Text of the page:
Democratic politicians are proposing a novel approach to cybersecurity: fine technology companies $100,000 a day unless they comply with directives imposed by the U.S. Department of Homeland Security.
Legislation introduced this week would allow DHS Secretary Janet Napolitano to levy those and other civil penalties on noncompliant companies that the government deems “critical,” a broad term that could sweep in Web firms, broadband providers, and even software companies and search engines.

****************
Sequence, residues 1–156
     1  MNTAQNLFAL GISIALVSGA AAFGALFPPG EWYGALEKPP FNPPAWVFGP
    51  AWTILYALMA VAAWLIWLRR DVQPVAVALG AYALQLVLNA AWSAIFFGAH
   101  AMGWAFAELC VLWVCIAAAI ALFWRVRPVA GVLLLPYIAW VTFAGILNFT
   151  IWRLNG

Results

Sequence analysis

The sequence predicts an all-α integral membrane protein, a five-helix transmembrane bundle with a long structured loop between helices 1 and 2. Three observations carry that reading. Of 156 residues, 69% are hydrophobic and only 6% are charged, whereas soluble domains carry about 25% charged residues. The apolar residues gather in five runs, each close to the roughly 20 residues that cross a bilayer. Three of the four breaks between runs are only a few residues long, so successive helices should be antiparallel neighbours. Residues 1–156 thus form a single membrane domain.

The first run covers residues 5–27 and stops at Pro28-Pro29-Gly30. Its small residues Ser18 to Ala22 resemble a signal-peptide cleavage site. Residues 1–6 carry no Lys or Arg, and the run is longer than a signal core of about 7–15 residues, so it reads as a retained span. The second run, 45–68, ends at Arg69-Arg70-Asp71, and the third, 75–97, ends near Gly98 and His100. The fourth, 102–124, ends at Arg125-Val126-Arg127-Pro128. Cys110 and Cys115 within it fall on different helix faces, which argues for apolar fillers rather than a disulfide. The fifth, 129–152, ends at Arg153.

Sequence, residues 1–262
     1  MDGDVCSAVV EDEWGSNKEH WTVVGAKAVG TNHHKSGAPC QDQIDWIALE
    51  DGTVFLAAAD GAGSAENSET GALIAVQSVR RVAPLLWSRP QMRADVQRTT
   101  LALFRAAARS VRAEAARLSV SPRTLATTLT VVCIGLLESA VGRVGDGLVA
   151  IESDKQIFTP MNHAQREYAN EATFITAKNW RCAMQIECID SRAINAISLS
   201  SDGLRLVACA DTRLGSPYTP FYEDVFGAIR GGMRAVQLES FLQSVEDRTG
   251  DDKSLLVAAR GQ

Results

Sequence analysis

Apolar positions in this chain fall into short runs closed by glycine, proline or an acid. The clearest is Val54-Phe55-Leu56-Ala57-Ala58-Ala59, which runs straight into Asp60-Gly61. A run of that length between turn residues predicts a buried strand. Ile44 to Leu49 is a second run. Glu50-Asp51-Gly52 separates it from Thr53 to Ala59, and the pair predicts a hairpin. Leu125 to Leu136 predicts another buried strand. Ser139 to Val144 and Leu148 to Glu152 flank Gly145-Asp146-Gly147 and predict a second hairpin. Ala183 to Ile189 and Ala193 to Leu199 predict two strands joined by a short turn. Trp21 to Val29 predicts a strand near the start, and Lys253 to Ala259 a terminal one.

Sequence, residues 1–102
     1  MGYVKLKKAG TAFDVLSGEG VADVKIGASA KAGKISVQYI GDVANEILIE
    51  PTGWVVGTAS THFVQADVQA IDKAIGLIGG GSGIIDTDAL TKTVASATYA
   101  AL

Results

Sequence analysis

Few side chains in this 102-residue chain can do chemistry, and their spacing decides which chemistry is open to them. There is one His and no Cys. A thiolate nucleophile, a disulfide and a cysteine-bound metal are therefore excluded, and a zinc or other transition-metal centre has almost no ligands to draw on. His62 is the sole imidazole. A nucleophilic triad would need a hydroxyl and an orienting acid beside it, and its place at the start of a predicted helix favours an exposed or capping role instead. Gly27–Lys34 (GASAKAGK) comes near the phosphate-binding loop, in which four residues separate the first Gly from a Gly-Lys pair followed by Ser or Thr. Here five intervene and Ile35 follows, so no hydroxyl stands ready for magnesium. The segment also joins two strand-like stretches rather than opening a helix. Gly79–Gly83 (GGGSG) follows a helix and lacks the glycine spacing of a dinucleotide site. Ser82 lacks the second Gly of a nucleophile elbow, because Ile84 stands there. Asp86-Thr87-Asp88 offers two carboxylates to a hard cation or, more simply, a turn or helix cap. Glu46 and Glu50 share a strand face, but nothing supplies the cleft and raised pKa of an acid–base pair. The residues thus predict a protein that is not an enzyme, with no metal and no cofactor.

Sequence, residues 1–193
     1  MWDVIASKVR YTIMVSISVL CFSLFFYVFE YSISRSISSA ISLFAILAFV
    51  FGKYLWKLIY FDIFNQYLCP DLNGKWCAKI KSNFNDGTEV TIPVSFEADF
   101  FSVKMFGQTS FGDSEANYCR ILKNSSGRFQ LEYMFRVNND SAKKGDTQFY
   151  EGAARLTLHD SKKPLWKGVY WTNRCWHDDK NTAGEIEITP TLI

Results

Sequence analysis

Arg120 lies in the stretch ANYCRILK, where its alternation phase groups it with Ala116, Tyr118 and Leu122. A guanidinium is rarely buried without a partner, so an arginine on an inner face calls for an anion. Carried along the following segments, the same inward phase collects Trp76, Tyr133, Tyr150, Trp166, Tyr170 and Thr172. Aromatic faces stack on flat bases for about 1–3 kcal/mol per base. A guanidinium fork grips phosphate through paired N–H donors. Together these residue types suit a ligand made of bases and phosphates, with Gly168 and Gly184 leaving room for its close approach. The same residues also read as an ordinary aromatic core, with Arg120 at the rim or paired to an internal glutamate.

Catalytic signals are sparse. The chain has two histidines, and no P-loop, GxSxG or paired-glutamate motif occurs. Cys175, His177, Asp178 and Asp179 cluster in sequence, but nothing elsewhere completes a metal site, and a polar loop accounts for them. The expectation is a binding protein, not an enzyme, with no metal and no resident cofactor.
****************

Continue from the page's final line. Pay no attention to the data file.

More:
Those requirements include presenting “cybersecurity plans” to the agency, which has the power to “approve or disapprove” each of them. DHS “may conduct announced or unannounced audits and inspections” to ensure “compliance.”
Skeptics say it’s not clear that lawyers and policy analysts who’ll inhabit DHS’ 4.5 million square-foot headquarters in the southeast corner of the District of Columbia have the expertise to improve the security of servers and networks operated by companies like AT&T, Verizon, Microsoft, and Google. (American companies already spend billions of dollars on computer security a year.)